Architects have long operated based on the assumption that a building is 'complete' once construction has finished. Striving to create a perfect building, they wish for it to stay in its original state indefinitely, viewing any subsequent alterations as unintended effects or the results of degeneration. The ideal is for a piece of architecture to remain permanently perfect and complete. This contrasts sharply with reality where changes take place as people move in, requirements change, events happen, and building materials are subject to wear and tear.

Rumiko Handa argues it is time to correct this imbalance. Using examples ranging from the Roman Coliseum to Japanese tea rooms, she draws attention to an area that is usually ignored: the allure of incomplete, imperfect and impermanent architecture. By focusing on what happens to buildings after they are ‘complete’, she shows that the ‘afterlife’ is in fact the very ‘life’ of a building.

However, the book goes beyond theoretical debate. Addressing professionals as well as architecture students and educators, it persuades architects of the necessity to anticipate possible future changes and to incorporate these into their original designs.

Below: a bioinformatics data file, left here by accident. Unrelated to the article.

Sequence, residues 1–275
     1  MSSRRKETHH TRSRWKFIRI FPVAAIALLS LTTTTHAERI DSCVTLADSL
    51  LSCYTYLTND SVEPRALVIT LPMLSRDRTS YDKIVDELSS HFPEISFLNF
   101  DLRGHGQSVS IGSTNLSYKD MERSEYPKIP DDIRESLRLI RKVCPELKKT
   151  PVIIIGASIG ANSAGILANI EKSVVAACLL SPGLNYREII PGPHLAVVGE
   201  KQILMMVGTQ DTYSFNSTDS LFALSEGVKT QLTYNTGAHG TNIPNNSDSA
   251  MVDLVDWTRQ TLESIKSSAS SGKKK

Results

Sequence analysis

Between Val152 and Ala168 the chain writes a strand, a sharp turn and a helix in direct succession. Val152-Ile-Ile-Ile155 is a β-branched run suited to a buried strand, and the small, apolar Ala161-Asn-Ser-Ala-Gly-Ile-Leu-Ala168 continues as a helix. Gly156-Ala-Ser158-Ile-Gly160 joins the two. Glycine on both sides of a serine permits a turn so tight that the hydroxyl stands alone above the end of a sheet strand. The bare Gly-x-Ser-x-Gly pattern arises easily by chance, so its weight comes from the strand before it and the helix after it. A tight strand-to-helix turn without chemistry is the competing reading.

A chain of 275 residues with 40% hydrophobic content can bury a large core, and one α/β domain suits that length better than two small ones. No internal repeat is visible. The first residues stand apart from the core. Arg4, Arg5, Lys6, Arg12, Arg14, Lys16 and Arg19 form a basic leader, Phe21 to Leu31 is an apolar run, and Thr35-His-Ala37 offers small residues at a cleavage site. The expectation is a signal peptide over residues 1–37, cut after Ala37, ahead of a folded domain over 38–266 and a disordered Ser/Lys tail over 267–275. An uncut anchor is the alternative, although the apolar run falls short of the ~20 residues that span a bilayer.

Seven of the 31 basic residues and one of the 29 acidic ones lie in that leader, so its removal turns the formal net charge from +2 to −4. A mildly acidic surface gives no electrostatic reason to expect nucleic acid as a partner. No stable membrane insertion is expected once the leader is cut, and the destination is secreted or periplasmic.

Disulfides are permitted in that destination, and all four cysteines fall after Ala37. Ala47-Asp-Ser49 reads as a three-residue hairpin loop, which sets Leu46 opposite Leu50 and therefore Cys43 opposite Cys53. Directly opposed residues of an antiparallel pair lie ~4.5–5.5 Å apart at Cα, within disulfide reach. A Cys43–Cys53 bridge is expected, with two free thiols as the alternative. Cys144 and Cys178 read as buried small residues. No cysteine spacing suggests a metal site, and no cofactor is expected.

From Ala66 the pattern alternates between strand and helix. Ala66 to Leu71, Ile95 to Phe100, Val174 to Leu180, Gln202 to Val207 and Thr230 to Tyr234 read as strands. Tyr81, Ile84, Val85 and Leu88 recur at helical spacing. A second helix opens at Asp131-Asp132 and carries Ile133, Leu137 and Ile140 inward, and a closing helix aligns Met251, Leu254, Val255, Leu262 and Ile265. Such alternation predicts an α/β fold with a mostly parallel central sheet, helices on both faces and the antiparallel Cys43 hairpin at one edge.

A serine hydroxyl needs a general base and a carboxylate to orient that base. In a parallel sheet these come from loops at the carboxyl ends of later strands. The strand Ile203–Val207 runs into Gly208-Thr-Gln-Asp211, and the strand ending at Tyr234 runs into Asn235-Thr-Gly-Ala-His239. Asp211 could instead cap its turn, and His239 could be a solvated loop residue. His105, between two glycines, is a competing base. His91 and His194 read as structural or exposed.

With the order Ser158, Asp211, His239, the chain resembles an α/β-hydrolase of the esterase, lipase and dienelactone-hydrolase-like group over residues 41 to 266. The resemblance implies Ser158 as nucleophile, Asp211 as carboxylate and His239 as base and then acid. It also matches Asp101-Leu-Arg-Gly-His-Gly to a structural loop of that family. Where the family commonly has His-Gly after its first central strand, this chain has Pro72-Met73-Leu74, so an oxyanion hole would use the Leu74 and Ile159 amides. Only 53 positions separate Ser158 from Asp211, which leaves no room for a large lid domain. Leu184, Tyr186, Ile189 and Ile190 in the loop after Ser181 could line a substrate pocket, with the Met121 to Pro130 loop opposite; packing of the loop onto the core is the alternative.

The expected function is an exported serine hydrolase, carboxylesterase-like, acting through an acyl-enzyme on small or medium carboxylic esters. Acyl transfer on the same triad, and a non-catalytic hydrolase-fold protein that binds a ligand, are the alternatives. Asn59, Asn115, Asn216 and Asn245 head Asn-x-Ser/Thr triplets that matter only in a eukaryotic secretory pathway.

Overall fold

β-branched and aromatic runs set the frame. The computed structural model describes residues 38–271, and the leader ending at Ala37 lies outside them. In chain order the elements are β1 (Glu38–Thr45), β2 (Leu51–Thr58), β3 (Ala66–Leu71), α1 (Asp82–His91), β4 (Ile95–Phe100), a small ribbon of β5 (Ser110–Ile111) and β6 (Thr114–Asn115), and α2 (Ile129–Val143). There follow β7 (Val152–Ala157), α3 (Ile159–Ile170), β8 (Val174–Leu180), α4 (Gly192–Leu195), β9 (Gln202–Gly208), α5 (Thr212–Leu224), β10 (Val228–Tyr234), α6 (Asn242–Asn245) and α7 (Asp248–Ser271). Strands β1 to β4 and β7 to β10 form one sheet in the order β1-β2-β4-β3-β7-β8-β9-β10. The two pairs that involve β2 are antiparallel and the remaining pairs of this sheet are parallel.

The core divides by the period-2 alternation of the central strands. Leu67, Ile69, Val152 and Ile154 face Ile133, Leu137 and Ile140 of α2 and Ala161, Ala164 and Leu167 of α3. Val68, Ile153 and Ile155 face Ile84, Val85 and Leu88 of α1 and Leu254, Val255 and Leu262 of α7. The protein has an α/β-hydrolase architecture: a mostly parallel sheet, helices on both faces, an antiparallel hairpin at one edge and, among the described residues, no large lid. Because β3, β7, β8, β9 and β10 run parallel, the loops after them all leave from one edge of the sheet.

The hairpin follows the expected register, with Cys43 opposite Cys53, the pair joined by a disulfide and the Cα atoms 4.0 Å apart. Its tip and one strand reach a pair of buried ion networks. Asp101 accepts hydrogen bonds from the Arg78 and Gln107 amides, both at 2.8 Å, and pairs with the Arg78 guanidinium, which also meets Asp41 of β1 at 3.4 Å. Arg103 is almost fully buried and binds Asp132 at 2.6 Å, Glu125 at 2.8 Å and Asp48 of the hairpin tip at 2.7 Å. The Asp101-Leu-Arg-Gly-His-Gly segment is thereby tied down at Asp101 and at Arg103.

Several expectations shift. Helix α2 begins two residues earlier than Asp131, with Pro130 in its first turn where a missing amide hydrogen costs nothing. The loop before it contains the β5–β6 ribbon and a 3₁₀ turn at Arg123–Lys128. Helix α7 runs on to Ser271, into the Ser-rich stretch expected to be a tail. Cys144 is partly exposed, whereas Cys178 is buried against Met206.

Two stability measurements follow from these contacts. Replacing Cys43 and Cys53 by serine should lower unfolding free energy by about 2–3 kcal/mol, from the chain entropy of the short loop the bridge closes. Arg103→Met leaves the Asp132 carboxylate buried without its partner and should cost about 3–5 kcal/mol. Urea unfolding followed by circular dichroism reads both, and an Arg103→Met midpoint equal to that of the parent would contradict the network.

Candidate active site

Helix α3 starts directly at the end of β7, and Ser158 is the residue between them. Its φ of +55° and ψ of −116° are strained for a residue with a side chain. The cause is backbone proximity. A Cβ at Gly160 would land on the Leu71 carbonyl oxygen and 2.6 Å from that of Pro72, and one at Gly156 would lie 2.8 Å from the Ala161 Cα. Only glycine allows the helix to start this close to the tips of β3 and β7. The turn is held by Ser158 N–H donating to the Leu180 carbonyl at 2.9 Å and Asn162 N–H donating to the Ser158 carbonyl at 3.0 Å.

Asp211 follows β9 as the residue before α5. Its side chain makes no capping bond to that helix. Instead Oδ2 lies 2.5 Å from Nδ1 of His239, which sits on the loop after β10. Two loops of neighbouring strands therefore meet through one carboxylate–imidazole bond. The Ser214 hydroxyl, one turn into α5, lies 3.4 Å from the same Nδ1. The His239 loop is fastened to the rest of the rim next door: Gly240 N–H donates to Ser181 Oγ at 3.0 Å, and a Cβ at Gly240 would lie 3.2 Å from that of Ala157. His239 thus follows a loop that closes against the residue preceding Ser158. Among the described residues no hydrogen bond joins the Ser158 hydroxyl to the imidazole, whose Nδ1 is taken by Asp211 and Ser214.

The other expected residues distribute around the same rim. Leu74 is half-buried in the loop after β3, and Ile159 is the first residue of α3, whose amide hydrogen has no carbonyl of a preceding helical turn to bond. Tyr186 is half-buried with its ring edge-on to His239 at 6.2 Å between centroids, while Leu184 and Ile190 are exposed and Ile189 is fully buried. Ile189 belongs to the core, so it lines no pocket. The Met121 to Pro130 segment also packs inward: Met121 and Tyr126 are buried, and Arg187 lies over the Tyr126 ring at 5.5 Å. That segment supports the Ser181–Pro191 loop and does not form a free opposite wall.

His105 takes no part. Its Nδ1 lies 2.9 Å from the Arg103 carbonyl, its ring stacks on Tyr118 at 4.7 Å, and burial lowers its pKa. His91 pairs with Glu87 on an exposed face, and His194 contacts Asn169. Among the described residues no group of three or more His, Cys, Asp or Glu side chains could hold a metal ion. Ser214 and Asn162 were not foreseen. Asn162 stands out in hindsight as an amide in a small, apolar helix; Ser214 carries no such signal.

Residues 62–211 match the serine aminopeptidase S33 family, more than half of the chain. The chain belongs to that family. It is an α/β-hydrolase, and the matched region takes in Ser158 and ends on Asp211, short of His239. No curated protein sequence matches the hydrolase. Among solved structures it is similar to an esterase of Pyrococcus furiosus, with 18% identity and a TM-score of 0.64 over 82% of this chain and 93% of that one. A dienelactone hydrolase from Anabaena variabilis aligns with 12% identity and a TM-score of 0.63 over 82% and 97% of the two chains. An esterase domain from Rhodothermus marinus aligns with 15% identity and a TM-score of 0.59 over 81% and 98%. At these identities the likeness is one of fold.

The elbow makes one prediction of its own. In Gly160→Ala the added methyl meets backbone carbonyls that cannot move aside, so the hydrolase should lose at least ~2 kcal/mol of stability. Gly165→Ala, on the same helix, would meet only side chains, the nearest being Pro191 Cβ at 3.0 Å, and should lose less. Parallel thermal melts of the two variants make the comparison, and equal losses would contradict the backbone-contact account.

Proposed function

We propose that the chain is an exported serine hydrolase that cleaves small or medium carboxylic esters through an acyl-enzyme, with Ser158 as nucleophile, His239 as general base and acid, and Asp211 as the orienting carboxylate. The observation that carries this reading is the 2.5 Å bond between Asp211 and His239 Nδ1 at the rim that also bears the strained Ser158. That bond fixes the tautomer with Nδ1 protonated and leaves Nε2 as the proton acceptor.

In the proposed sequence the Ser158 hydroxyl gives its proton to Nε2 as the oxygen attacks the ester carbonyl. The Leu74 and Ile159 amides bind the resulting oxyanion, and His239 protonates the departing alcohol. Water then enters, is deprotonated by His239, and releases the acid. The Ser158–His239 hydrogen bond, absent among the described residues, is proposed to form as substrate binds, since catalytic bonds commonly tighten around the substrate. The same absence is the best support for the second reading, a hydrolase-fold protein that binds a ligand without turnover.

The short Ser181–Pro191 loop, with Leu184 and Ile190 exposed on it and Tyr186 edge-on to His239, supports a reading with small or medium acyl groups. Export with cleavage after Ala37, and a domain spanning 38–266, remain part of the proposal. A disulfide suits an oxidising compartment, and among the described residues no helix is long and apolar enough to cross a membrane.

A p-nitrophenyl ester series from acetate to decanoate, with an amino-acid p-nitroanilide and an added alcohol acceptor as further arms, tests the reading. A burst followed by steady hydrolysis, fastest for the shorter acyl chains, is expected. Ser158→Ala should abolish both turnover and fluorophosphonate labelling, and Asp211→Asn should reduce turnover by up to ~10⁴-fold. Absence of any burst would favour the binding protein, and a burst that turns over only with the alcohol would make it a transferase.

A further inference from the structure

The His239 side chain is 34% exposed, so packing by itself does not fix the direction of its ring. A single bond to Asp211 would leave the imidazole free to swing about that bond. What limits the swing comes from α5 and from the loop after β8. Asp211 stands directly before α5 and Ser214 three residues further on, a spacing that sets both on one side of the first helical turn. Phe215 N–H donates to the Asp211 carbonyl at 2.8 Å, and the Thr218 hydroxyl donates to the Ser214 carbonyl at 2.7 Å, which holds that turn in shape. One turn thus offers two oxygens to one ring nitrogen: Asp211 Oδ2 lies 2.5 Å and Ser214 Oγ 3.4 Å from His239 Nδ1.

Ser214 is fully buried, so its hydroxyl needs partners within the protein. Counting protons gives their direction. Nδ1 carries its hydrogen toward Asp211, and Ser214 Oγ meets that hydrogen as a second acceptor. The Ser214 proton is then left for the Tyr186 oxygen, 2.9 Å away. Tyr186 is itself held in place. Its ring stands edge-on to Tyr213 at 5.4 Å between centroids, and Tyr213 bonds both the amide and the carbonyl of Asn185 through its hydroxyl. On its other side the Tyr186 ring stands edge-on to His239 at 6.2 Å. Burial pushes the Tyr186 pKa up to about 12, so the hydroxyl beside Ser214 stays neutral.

chapter |16 pages


part |2 pages

PART I The problematic notion of complete, perfect, and permanent architecture

chapter 1|34 pages

Mutability of architecture

chapter 2|16 pages

Authorial authority

chapter 3|24 pages

Alienation from the everyday

part |2 pages

PART II Allure of incomplete, imperfect, and impermanent architecture

chapter 4|26 pages

The incomplete – synecdoche

chapter 5|32 pages

The impermanent – palimpsest

chapter 6|16 pages

The imperfect – wabi

part |2 pages

PART III Articulating the properties of engagement